April 1, 2023
Vaccine incentives do not backfire — policymakers take note

Vaccine incentives do not backfire — policymakers take note

Close-up soft-focus image of Swedish krona banknotes and coins

A trial in Sweden showed that uptake rates rose slightly if people were given 200 krona (US$24) to have a COVID-19 vaccine.Credit: Karol Serewis/SOPA Images/LightRocket/Getty

Around the middle of 2021, some governments around the world began to get creative with their COVID-19 vaccination programmes. Eager to get vaccines into as many arms as possible, they began to offer unusual incentives: in San Luis, Philippines, vaccinated residents could enter a sweepstake to win a cow; in Hong Kong, the windfall was an apartment; in West Virginia, it was a hunting rifle, among other prizes.

Evidence about the effectiveness of such efforts is mixed1, and the research that has been done suggests that guaranteed, immediate payments are more effective than gimmicks and lotteries2. A randomized trial in Sweden in 2021, for example, showed that a cash payment of 200 krona (US$24) to those receiving their first dose of a COVID-19 vaccine was enough to drive up vaccination rates by 4.2 percentage points3.

However, people and policymakers still worry that such incentives could have unintended negative consequences. People might expect payment for future vaccinations, for instance. Or they might think the payments are compensation for something that isn’t safe or could be unpleasant. Now, the results of two trials published in a paper on 11 January in Nature suggest that simple cash payments have no such unintended effects4. The research team took the important step of designing the studies to test a null hypothesis. This gave them the statistical power to detect the absence of an effect, and not just document a lack of evidence for negative consequences. Such studies (including testing a null result) add to the discussion around financial incentives for vaccination and highlight the value of strong research for policy-relevant questions.

Financial incentives — and disincentives — have long been used to achieve public-health goals, but as a general rule, they have targeted mostly unhealthy behaviours. Take, for example, taxes on cigarettes to discourage smoking. Randomized trials indicate that direct cash payments can be effective in stopping smoking during pregnancy5.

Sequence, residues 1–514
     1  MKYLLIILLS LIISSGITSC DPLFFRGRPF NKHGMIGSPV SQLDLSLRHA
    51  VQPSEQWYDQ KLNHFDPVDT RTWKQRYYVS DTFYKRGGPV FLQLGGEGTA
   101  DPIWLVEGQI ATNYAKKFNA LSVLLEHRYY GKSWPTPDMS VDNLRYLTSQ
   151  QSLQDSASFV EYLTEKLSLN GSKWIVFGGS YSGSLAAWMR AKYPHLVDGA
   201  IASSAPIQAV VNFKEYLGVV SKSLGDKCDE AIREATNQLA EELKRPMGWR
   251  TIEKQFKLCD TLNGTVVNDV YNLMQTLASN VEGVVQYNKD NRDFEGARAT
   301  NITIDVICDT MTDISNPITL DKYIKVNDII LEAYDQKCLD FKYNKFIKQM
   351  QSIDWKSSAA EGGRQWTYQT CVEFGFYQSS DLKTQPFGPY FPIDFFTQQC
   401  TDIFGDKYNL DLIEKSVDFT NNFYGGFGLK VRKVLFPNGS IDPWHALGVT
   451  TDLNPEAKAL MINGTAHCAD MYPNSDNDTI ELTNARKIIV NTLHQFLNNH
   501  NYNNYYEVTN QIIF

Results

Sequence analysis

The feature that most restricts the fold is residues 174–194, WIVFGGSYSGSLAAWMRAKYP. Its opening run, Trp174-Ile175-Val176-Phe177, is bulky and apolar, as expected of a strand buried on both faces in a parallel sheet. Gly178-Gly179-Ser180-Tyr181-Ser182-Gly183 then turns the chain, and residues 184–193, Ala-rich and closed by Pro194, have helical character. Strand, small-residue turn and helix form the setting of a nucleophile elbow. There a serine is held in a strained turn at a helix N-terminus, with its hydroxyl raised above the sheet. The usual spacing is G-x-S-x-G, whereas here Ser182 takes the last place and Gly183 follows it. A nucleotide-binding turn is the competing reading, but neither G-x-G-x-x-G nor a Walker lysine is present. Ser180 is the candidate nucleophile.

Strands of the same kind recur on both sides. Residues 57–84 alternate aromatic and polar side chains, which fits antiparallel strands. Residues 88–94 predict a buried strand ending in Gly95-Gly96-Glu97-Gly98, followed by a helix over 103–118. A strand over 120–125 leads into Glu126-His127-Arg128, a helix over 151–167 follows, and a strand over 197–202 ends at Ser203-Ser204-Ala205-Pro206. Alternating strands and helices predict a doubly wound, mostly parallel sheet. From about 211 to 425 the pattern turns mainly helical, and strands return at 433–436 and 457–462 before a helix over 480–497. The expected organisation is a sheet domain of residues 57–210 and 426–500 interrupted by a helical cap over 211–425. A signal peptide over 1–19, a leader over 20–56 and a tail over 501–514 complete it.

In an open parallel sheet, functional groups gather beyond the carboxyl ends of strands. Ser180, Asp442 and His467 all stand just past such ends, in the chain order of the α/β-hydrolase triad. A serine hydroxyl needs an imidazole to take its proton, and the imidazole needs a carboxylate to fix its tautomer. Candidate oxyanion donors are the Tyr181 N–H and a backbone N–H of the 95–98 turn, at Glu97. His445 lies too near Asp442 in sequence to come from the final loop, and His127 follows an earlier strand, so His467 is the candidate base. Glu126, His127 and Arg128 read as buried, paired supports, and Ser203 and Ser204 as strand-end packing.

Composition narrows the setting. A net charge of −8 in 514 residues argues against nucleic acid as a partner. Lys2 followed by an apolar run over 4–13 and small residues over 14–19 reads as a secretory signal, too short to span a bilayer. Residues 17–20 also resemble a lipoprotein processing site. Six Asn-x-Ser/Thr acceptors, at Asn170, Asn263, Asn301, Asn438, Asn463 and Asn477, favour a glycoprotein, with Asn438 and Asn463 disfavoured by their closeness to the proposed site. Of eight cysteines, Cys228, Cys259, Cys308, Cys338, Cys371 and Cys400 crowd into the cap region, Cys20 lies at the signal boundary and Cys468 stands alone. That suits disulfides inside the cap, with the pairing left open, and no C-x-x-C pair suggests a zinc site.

But there’s been a long-standing worry that offering payments for vaccination could reduce people’s trust in the safety of vaccines, erode their sense of altruism and make it difficult to implement future vaccine programmes without payments. Although these concerns are largely theoretical, they have led some policy advisers to recommend against implementing programmes that offer cash to promote healthy behaviours. The authors of the Nature paper, a team of economists from Europe and the United States, address such concerns head on by analysing data from randomized studies of more than 2,700 people involved in the Swedish cash-incentive programme and of 3,000 people in the United States.

As well as gathering data on second-dose uptake, the Swedish study also surveyed attitudes towards vaccines and other health behaviours. The US study looked at whether informing participants about the existence of incentive programmes that offer public funds for COVID-19 vaccines affected their perception of the products’ safety or efficacy, their sense of civic responsibility or their intention to get an influenza shot or donate blood. Overall, there was no difference in any of these parameters. Nor did participants report feeling coerced by the incentives.

No single experiment can completely answer questions about unintended consequences, and this study, like any other, has its caveats. Ethical requirements dictated that all participants knew they were part of an experiment, and it is possible that this knowledge coloured their responses to survey questions. The results also might not apply to other countries or other vaccines: the COVID-19 pandemic is unique in its pre-eminence as well as its politicization, and both regions studied are high-income, Western countries. Nor does this study address wider and more fundamental ethical questions around paying people to get vaccines.

And although the results support the idea that monetary incentives can be deployed without unintended negative consequences, they do not suggest that such approaches should be prioritized over improving access to vaccines when there are insufficient resources to do both. Efforts to build trust or make it easier for people to receive vaccines — by translating information about inoculations into different languages, for example, or bringing vaccination centres closer to the populations most in need — are well-established ways to boost vaccination rates and, in some cases, could cost less than offering financial rewards.

But for communities that have the resources to both bolster access and provide incentives, the latest work brings important data and a rigorous approach to a discussion that has been heavily influenced by untested assumptions about hypothetical negative consequences. More such studies are needed on effective approaches for policy-relevant questions. In the case of vaccines, such information can be harnessed to help health-care providers design alternative ways to promote vaccination — before another pandemic again entices governments to get ahead of the science and become creative.

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